STYLE

Flare Magazine's Jian Ghomeshi 'Court Style' Story Is Panned By The Internet

11/28/2014 06:12 EST | Updated 11/28/2014 06:59 EST
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TORONTO, ON - NOVEMBER 26: Jian Ghomeshi leaving College Park Court with his Lawyer Marie Henein after Ghomeshi was released on $100,000 bail. The 47-year-old has been charged with four counts of sexual assault and one count of overcome resistance (choking). (David Cooper/Toronto Star via Getty Images)

Canadian fashion magazine Flare is in damage control mode after it published a story that was initially titled "Decoding the Courthouse Style of Jian Ghomeshi" on Thursday.

The story, by writer Flannery Dean, talked to both an image consultant and a criminal defence lawyer who analyzed how Ghomeshi dressed for a Wednesday court appearance after he was charged with four counts of sexual assault and one count of "overcome resistance - choking."

Dean pointed out that Ghomeshi abandoned the "rock-guy" style he often wore while hosting "Q" on CBC Radio, in favour of a clean-shaven look with a black suit and blue tie. He apparently did not wear the tie in the courtroom.

"He's done everything to look as appropriate as possible," image consultant Diane Craig told the magazine.

"By dressing this way, he's saying, 'This is business. I'm taking this seriously.'"

Lawyer Jag Virk, meanwhile, told Flare that he "advises clients to wear business attire at court but with the caveat of not overdoing it."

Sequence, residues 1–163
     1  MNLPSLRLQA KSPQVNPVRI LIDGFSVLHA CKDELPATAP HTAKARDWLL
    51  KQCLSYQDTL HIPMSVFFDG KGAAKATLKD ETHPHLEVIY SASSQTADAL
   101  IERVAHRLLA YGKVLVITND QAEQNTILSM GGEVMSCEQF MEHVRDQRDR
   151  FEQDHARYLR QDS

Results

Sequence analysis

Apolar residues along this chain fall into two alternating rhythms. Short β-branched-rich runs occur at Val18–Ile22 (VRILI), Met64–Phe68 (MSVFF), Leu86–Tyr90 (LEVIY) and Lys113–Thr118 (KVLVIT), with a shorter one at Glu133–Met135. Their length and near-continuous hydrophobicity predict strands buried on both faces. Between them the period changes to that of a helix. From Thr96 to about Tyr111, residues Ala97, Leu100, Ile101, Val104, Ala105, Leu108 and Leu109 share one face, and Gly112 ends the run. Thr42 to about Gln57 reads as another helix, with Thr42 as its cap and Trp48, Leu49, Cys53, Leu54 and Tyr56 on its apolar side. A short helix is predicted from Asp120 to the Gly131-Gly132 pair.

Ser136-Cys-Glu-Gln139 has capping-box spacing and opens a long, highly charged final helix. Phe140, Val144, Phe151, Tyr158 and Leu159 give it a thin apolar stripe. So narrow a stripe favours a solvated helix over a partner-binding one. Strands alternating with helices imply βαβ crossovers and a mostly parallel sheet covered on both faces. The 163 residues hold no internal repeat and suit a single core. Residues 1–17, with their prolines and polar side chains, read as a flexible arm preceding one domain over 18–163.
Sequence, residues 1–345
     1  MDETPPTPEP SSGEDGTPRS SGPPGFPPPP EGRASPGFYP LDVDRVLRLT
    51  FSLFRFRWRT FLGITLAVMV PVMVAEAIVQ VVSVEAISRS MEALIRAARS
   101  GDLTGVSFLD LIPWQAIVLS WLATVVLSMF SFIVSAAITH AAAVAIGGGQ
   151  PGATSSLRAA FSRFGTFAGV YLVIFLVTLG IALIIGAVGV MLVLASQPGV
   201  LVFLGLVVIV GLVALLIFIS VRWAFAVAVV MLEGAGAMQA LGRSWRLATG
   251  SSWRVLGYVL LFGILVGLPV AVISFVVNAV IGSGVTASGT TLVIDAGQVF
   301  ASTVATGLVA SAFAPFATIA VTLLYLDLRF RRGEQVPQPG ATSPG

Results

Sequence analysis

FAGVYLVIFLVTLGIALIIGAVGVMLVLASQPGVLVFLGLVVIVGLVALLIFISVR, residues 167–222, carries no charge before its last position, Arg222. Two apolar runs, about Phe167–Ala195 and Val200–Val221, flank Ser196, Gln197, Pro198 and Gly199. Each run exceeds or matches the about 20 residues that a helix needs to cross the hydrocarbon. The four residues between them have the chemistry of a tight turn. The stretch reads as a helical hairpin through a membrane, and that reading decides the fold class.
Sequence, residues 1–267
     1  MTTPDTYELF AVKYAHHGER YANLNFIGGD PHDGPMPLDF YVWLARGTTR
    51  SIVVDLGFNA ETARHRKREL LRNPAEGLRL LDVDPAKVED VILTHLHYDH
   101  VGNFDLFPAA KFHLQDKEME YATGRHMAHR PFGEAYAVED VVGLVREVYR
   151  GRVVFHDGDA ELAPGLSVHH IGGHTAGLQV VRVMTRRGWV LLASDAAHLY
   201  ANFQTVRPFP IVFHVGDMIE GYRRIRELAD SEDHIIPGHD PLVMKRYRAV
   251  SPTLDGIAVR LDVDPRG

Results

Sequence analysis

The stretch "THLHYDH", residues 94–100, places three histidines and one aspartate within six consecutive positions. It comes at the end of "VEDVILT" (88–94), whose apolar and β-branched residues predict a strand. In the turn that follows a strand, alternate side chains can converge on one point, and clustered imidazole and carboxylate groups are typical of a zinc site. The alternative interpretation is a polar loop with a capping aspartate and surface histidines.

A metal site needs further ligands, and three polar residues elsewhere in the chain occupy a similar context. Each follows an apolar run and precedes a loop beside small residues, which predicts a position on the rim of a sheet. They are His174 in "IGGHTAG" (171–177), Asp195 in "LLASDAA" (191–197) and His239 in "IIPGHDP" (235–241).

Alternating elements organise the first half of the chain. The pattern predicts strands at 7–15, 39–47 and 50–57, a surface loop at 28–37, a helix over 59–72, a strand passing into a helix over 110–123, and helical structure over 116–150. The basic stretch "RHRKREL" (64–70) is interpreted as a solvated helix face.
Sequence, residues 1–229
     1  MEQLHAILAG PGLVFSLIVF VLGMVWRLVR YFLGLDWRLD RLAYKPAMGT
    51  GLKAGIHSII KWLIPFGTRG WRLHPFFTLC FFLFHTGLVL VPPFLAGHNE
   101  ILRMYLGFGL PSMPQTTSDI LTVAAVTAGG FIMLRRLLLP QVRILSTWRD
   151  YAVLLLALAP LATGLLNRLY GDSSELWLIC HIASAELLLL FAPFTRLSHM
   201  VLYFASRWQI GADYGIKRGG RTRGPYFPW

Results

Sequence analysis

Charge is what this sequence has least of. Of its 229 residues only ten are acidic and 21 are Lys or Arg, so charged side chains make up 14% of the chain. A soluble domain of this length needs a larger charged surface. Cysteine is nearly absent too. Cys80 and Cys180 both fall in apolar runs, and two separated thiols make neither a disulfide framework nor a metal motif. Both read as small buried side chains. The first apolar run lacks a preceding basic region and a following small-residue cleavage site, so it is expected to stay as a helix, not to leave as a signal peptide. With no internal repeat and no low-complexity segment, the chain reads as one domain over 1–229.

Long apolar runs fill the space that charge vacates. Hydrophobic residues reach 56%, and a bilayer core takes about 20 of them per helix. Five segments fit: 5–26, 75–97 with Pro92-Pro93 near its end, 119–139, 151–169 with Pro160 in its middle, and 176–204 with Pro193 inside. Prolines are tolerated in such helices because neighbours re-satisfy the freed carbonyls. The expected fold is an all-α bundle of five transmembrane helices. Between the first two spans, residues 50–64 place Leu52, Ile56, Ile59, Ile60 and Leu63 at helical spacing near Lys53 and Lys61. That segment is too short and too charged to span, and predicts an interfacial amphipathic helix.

He wasn't a fan of Ghomeshi's style, saying that black is "associated with the bad guy."

The story was viciously panned in the website's comments section, with one reader saying, "Way to take a case with many victims and turn it into a shitty style article."

Plenty of Twitter users were also angry about the story.

The magazine changed the story's headline to, "Decoding Jian Ghomeshi's Courtroom Appearance" and issued an apology on Twitter.

But when that didn't go over well with its followers, it issued a second apology in a series of tweets, and posted a note on its website from managing editor Maureen Halushak.

Here's an excerpt from that note:

"We regret that the original headline for the piece — 'Decoding Jian Ghomeshi's Courtroom Style' — misconstrued its intention, which was to discuss the strategy behind Ghomeshi's choice in apparel. The article was in no way intended to be seen as light-hearted fashion commentary."

Ghomeshi is expected to appear in court again on Jan. 8.

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